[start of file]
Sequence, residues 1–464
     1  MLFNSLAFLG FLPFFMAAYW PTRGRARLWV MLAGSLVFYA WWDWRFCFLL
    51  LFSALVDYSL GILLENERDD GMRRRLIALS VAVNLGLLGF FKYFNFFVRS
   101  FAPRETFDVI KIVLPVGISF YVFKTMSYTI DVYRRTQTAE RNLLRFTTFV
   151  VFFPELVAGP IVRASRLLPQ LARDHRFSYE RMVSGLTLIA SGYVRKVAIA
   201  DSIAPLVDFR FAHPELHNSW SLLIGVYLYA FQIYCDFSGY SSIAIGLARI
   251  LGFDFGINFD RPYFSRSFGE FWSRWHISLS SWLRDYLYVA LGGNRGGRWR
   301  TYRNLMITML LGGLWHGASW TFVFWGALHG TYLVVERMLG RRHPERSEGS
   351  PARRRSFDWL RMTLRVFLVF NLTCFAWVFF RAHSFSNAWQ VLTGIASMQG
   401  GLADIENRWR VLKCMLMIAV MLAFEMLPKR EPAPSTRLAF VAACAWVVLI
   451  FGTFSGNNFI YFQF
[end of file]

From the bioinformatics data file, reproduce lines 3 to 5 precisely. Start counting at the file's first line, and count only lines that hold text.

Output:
    51  LFSALVDYSL GILLENERDD GMRRRLIALS VAVNLGLLGF FKYFNFFVRS
   101  FAPRETFDVI KIVLPVGISF YVFKTMSYTI DVYRRTQTAE RNLLRFTTFV
   151  VFFPELVAGP IVRASRLLPQ LARDHRFSYE RMVSGLTLIA SGYVRKVAIA